How to Read an Alteration Agreement in NYC
For co-op and condo living, a close look at the contract—including why it exists
Chances are, if you’re renovating in an apartment building—whether it’s a co-op or a condo—you’ll know what an alteration agreement is. And if you don’t, read on! It’s one of the many factors that will determine whether your renovation vision can come to life.
Alteration agreements recognize the reality of urban living: your neighbors are just a wall, ceiling, or floor away. What you choose to do in your renovation will affect their apartments and their lives over the duration of your project. This document prioritizes the greater good of the building over your desire for a new kitchen configuration, but it doesn’t mean that you can’t get that new layout—it just means that you have to be considerate of your fellow residents. Sweeten, a free service that matches homeowners with vetted general contractors, offers this document as the jumping-off point for your renovation’s building approval process.
What is usually included in an alteration agreement?
SCOPE OF WORK: The document will request a scope of work from your architect or general contractor. This, along with submitted plans, will be reviewed by the board and its architect. They may have questions for you.
INSURANCE: The agreement will ask you to provide the proper paperwork from your contractor and any subcontractors working on the project. Pay attention to the level of insurance required. In New York City, buildings typically require $1 to $2 million of coverage. Some buildings, however, require upwards of $5 million. Sweeten architect Jiwoo points out, “If your building requires this level of insurance, the pool of general contractors available to you automatically shrinks. Most contractors do not carry this level of insurance, so you’re really looking for experts who specialize in luxury buildings.”
TIMELINE: Boards like to maintain the quality of life for other building residents over the course of your remodel. One way is by restricting the hours of the day—and sometimes even the months of the year—that a renovation is permitted. Usually, there cannot be loud noises prior to 10 a.m. or after 4 p.m. Additionally, Jiwoo tells us that in some apartments on Central Park West, for example, homeowners are only permitted to do renovation work in the summers.
Alteration agreements may include information on how long your project can take and require a penalty fee if you exceed that deadline. Sweeten general contractor Santiago shares that while many alteration agreements include this penalty, boards are often willing to extend the date or to provide a grace period.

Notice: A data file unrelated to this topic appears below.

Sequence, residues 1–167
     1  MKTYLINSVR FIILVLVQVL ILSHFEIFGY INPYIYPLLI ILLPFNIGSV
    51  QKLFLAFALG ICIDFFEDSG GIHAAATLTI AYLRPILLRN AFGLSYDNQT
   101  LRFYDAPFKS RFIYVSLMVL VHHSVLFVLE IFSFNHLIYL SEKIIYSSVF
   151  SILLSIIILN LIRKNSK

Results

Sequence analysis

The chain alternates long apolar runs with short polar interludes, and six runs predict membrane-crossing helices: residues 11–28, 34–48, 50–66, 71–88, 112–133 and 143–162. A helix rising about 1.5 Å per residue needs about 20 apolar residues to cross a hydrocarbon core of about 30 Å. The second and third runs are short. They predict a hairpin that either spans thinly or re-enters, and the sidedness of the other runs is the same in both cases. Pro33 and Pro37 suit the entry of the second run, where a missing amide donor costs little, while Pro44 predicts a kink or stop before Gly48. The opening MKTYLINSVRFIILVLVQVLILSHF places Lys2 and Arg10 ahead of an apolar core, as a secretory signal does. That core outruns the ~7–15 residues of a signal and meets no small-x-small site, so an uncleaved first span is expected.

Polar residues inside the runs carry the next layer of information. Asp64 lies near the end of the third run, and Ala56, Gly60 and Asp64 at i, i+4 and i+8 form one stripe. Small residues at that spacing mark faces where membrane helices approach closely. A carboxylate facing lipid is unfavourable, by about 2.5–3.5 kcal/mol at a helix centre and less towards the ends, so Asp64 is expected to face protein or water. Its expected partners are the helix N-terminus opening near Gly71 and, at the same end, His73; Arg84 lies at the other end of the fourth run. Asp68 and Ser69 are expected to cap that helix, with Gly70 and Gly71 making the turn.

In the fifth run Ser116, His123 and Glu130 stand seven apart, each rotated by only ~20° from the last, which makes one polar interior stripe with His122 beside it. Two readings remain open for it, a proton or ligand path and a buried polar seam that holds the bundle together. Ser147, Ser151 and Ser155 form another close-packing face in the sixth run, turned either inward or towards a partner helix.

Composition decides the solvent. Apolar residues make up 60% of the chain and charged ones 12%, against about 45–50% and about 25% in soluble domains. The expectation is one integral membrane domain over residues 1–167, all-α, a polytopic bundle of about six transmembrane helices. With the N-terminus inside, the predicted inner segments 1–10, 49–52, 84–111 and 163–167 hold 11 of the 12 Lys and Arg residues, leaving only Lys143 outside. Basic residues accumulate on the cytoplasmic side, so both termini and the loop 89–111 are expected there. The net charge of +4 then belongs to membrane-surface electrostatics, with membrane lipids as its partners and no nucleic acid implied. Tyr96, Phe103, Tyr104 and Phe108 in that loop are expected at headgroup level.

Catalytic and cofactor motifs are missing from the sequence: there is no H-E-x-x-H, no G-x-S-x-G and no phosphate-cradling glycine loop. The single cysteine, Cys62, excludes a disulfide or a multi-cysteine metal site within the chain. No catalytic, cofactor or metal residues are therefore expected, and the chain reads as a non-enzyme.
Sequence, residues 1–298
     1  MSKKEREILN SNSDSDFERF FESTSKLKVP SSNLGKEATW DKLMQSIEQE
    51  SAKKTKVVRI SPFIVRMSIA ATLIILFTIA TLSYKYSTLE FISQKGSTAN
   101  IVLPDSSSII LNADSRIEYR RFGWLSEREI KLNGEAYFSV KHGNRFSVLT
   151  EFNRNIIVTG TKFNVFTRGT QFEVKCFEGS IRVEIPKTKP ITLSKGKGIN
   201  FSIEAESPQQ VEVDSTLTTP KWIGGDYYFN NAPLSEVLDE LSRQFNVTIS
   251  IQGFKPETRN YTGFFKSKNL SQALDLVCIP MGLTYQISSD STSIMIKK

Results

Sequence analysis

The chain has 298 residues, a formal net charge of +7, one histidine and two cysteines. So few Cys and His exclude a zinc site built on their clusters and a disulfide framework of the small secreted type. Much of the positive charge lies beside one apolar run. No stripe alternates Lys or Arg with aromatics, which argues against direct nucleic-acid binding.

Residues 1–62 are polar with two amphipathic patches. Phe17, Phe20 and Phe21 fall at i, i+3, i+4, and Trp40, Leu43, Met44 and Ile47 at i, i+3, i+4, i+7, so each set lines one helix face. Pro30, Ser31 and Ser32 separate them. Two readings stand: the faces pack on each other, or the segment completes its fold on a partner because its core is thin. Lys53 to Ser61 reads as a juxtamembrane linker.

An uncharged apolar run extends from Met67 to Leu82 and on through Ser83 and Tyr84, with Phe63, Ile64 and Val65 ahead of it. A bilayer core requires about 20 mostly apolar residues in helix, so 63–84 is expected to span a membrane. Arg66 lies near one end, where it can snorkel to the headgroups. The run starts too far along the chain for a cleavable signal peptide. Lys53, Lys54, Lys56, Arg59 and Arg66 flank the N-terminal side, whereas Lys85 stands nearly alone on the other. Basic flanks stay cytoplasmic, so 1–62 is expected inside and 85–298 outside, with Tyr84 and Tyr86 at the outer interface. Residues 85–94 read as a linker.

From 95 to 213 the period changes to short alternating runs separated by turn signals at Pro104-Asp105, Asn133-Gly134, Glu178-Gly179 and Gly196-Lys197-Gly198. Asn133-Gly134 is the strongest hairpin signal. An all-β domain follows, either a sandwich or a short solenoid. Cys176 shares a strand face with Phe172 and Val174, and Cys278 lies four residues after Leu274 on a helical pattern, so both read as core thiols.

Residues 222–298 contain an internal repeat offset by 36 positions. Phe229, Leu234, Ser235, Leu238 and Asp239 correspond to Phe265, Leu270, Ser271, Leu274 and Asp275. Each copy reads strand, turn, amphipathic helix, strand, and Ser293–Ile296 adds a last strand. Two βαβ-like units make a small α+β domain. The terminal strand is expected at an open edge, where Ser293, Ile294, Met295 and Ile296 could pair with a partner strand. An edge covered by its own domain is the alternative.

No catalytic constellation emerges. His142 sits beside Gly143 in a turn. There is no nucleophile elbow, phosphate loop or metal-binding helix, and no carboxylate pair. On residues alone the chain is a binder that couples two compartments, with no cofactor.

Other agreements may dictate that only a certain number of renovations can be ongoing at any given time, so you may have to plan your date and wait for your neighbors to complete their projects before you can begin yours.
WET-OVER-DRY RULE: This is another key element to look for in an alteration agreement. If you’re hoping to move or enlarge your kitchen or bath into spaces previously designated as bedrooms or living rooms, you may run into challenges. Buildings often want to keep all the “wet” rooms in a vertical stack due to the possibility of leaks. Your architect can work with the board to explain how precautions will be taken to limit the possibility of leaks or noise from these rooms that might be disruptive to neighbors.
Is it worth submitting plans that request something that is expressly prohibited in the alteration agreement?
The document provides the ground rules for your renovation. That said, depending on the character of your board and the management company, it might be worth raising a discussion on a reasonable point if you think that the agreement is outdated or does not reflect current practice. Examples could be the enforcement of the wet-over-dry rule or the prohibiting of a new HVAC system. The first person to ask is the property manager—if that person says no, it’s not worth wasting your time.
What if there is no alteration agreement?
If your building does not have an alteration agreement, it does not mean that you are free to take a no-holds-barred approach to your renovation. This means that the approvals process will be dictated entirely by the composition of the board and its preferences. Smaller buildings might not have this document and these approvals processes tend to be very hands-on. This scenario may play out in the renovator’s favor, however, given that these small buildings can also be more open to your vision.
Important things to remember
Sweeten contractor Santiago reminds us of the purpose of alteration agreements: “The main thing is that the board wants to protect itself. Second, it wants to protect the other shareholders.”
But you should take the document with a grain of salt. “It only gives you so much insight. It’s a formal document, but the truth of the matter is only revealed when you jump into the process,” explains Sweeten architect Jiwoo. “Ultimately, the alteration agreement tells you very little about what the review process is like. It’s not until you get comments back from your board’s engineer or architect that you will really discover what is off-limits and what is permitted.”
Use your alteration agreement as a guide, but work with your architect and general contractor to help you navigate both the agreement and the co-op board. Find the experts with the right experience and you’ll be on your way to demolition and a reimagined space.
Here’s how to find a general contractor—and what to look for.
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